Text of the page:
When a woman walks into the oncologist’s office, she’s usually not alone. In fact, a new study finds that half of women have at least three people standing behind them, sitting next to them or waiting at home to help.
In most cases, these support people are going with the patient to appointments, taking notes, finding additional resources and helping talk through treatment options.
“People just diagnosed with cancer are often scared and overwhelmed. Having another person to help them process information is important,” says Lauren P. Wallner, Ph.D., MPH, assistant professor of general medicine and epidemiology at the University of Michigan. Wallner is the lead author of the paper, published in the journal Cancer.
“Physicians need to recognize that women involve other people in their treatment decisions. These people represent an important group to provide information about treatment options,” Wallner notes.
The study surveyed 2,502 women with early stage breast cancer about two months after they had surgery. Women were asked to list specific individuals who were involved in helping them make a treatment decision.
Half of the respondents listed at least three people and 20 percent listed two people. Only 10 percent said they had no personal decision support network. Nearly three-quarters of women said their support network talked with them about their treatment options and frequently attended their appointments.
African-American and Latina women reported larger networks than white women. Women who were married or partnered also reported more support.
Even among women without a partner or spouse, many had large support networks. Women reported children, friends, siblings, parents and other relatives were involved in their decision-making.
“Minority women tend to have larger networks, so clinicians should also be aware that there could be differences in the number of people patients might be involving. And these networks go beyond just a partner or spouse,” Wallner says.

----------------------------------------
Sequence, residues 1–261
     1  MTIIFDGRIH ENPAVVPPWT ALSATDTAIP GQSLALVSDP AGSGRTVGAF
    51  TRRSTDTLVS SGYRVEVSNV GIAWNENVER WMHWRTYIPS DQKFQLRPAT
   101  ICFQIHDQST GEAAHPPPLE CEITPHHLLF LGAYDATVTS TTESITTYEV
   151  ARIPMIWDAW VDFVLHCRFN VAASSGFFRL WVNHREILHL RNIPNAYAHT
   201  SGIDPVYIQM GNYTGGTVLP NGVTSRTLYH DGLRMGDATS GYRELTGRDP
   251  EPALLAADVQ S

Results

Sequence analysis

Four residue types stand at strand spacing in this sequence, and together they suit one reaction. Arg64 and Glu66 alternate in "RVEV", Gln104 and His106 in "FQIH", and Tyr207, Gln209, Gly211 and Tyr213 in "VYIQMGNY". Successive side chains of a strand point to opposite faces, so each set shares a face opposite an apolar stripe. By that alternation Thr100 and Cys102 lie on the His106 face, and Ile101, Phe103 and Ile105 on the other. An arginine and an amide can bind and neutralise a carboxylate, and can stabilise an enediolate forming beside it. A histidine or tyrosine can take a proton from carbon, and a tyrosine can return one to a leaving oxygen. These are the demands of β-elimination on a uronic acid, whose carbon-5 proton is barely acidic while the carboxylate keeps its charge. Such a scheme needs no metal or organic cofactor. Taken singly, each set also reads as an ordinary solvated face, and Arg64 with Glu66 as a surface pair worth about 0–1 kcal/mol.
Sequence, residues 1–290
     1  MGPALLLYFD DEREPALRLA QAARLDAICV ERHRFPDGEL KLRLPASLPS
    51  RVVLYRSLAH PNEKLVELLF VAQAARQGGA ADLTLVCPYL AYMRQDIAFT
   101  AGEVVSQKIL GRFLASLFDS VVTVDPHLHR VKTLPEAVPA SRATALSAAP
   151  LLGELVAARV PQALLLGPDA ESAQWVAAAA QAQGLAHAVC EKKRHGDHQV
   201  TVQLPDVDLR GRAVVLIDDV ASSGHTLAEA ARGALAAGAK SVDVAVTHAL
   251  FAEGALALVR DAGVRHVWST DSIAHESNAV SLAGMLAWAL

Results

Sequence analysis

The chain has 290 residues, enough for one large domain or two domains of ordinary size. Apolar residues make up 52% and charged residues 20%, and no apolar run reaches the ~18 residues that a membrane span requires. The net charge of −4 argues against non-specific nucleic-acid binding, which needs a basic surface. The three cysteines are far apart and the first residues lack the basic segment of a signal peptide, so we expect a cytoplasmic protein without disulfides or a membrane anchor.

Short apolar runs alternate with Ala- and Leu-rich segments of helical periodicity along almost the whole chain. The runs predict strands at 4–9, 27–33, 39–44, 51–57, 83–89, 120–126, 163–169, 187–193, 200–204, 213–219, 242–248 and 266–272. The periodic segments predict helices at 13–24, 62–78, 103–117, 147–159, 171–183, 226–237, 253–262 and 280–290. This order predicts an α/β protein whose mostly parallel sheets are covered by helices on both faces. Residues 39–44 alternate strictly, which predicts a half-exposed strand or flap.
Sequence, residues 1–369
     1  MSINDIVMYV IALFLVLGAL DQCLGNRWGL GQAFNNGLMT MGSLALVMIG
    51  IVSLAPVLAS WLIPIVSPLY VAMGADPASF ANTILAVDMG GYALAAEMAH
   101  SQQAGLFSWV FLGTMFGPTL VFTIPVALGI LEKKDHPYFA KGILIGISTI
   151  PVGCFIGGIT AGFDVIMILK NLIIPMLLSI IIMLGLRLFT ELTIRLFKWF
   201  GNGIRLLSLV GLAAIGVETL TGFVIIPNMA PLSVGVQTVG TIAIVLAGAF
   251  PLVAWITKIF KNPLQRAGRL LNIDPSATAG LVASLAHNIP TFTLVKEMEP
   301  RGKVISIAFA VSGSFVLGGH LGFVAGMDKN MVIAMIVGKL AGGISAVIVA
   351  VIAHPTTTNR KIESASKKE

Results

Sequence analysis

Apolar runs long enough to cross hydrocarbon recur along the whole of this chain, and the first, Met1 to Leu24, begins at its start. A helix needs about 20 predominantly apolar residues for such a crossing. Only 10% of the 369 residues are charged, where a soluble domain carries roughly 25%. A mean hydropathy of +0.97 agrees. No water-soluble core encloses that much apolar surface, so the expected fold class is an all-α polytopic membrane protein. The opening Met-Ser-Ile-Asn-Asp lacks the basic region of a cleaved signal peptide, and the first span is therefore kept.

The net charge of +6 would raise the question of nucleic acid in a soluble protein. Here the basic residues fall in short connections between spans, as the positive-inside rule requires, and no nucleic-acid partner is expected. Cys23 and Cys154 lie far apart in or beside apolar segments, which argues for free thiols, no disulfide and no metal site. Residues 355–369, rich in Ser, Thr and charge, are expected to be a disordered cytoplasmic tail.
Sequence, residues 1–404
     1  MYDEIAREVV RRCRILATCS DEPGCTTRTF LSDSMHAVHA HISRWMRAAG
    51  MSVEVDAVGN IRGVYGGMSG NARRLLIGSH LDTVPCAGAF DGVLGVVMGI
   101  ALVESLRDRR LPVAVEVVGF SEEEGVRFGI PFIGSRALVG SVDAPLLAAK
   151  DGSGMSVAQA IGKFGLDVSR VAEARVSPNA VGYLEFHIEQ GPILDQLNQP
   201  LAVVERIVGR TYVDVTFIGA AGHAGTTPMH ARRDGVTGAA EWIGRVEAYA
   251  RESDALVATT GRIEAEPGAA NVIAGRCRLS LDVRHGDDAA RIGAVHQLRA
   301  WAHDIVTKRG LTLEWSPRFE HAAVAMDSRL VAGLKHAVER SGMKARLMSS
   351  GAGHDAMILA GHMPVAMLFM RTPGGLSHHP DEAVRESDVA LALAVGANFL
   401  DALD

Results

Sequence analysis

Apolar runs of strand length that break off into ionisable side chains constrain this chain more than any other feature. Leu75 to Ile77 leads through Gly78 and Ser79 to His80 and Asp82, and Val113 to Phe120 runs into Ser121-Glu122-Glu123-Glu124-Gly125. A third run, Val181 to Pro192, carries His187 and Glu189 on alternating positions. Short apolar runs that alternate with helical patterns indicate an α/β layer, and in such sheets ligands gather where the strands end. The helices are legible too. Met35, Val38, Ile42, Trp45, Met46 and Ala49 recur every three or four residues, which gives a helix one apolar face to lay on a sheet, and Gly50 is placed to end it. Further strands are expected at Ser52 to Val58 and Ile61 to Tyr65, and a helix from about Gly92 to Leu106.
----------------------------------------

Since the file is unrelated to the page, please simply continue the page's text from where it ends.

Larger support networks were associated with more deliberation about treatment, which the researchers suggest could be critical as treatment options become more complex. More deliberation suggests patients are thinking through pros and cons, discussing it with others and weighing the decision carefully.
“When patients are diagnosed with cancer, there’s this rush to get through the treatment process. But for patients with early stage breast cancer, they have some time to decide on their treatment choice,” Wallner says.
“The idea that women are discussing their options more with their family and friends and potentially thinking through that decision more carefully is reassuring. Engaging these informal support networks could be a way to prevent women from rushing into something,” she says.
The researchers recommend physicians incorporate family and friends into the conversation, delivering information and decision aids to everyone in the room, as well as providing information that can be shared with those back at home.
Typically, decision aids and other materials are written for the patient. Wallner says this study suggests the need to broaden these materials to include family and friends who play a role in helping a woman understand her treatment choices.
“When considering these complex treatment options and going through these complex decisions, it’s beneficial to have the support of other people. This helps women feel supported in their decisions,” Wallner says.
At the same time, women without a support network may need extra help or information during the decision process, Wallner points out.
“It starts with something as simple as physicians asking patients who is helping them make their treatment decisions. That can then guide the conversation, such as the amount of resources the physician provides and to whom they communicate that information,” she says.